Hemispheric processing and reading efficiency

Hiroko Sotozaki, Bianca Hatin

Research output: Contribution to journalArticlepeer-review

1 Citation (Scopus)


This study using a primed lexical decision task in a visual half-field paradigm investigated the advantage of interhemispheric processing to enhance cognitive capacity associated with reading ability among college students. Sixty-five undergraduate students (23 males, 42 females, mean age = 20.6) served as one of the following: skilled readers for the short SOA, skilled readers for the long SOA, or unskilled readers for the long SOA. The results demonstrated that intrahemispheric processing was advantageous in a simple task and interhemispheric processing was advantageous in a complex task for skilled readers, but unskilled readers did not show the advantage of interhemispheric processing in the complex task. The lack of switching strategies suggests that their unskilled reading ability may stem from inefficient reading processing.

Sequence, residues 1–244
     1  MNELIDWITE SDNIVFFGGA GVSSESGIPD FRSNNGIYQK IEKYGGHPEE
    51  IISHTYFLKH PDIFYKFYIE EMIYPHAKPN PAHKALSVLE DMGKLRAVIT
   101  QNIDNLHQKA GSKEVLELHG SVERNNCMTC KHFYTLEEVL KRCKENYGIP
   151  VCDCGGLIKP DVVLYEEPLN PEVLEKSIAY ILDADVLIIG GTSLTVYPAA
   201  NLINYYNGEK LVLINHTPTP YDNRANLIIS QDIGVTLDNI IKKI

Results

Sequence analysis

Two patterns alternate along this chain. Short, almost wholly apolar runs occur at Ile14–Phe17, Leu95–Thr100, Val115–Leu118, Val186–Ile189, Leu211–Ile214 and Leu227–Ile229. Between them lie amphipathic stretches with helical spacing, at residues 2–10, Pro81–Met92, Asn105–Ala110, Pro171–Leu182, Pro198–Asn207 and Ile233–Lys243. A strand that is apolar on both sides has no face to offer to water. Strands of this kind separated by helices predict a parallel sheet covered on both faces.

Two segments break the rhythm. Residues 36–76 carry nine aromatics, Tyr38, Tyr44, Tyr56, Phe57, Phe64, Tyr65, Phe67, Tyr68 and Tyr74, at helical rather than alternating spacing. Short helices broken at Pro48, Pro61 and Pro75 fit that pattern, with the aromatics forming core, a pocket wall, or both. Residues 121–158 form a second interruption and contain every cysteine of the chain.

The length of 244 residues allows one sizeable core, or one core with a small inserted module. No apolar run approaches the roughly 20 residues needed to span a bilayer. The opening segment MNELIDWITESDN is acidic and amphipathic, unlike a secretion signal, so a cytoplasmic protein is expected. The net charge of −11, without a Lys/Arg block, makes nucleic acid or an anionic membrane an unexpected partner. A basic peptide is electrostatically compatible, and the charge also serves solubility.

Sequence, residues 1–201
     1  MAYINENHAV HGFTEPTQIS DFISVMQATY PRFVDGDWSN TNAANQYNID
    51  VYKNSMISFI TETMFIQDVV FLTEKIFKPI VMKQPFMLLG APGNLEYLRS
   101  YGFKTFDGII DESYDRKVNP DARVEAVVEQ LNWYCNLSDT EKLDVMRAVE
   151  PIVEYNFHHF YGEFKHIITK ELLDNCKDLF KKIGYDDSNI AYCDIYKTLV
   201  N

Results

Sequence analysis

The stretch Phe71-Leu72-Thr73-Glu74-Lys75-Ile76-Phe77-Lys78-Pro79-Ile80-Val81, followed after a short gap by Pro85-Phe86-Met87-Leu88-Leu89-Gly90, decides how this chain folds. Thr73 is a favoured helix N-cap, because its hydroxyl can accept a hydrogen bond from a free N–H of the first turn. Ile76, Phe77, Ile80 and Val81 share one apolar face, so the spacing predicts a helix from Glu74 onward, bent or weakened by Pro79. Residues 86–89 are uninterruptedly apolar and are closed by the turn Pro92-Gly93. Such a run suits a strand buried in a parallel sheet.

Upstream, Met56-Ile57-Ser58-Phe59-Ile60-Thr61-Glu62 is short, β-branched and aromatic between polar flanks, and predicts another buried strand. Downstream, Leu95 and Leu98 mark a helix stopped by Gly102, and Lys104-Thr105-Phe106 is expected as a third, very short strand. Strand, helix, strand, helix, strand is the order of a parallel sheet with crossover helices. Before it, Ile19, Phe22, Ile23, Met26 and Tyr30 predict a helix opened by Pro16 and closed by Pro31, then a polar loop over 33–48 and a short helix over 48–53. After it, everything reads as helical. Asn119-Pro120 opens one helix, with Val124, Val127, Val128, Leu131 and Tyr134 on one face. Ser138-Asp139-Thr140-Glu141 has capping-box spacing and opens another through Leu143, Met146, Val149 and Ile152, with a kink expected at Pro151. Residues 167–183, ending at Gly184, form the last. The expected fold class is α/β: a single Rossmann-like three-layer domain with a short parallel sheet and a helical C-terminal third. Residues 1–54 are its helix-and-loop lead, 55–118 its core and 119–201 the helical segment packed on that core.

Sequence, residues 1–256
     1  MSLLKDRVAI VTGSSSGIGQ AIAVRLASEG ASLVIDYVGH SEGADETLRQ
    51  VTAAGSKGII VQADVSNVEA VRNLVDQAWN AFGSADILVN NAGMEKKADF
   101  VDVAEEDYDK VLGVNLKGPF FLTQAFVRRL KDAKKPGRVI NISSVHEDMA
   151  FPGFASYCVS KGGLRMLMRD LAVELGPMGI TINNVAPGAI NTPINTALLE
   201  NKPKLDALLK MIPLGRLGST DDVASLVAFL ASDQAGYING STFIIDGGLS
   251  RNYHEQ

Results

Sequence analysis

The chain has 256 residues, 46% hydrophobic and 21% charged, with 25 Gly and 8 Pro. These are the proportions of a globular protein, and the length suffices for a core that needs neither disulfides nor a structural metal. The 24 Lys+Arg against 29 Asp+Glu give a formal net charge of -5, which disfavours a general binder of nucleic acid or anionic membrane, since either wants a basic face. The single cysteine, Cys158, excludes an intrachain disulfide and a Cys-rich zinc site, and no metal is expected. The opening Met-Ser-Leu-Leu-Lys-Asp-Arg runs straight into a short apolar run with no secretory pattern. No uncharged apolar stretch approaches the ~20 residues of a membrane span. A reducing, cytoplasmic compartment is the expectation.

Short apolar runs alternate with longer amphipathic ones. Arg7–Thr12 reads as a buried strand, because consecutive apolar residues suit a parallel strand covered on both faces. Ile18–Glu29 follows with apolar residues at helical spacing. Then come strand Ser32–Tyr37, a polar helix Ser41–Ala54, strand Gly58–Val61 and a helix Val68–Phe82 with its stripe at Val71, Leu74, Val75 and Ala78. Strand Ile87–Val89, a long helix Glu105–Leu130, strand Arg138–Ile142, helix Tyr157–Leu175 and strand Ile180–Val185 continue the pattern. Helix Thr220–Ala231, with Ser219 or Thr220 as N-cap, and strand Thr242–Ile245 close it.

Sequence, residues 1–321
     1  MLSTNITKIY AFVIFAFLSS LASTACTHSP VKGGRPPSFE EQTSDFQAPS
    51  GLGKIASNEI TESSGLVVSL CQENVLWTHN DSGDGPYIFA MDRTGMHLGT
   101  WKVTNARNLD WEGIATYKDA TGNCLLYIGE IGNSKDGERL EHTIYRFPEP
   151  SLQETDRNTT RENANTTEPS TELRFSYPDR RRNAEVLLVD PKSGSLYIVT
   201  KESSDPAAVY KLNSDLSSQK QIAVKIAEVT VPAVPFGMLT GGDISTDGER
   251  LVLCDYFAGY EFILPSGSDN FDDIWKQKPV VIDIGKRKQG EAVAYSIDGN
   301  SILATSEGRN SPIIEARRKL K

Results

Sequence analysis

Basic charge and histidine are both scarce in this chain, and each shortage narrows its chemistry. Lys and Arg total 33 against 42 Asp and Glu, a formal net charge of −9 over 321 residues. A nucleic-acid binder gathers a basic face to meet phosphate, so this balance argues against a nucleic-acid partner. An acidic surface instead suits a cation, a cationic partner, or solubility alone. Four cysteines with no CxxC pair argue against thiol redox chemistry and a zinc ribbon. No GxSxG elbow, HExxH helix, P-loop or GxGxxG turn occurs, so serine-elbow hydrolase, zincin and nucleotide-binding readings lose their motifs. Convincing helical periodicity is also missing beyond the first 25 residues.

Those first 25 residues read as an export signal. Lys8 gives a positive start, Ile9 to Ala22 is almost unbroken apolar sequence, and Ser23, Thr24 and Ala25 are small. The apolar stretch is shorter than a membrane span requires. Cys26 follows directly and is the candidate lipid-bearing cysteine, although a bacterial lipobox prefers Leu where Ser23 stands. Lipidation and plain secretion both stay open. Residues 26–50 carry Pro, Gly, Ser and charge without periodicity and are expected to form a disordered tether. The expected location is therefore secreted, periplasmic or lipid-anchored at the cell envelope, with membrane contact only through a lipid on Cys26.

Original languageEnglish
Pages (from-to)497-506
Number of pages10
JournalJournal of Neurolinguistics
Issue number4
Publication statusPublished - 2011
Externally publishedYes


  • visual half-field presentation
  • priming effects
  • lexical decision task
  • Intrahemispheric processing
  • interhemispheric processing
  • hemispheric specialization
  • integration


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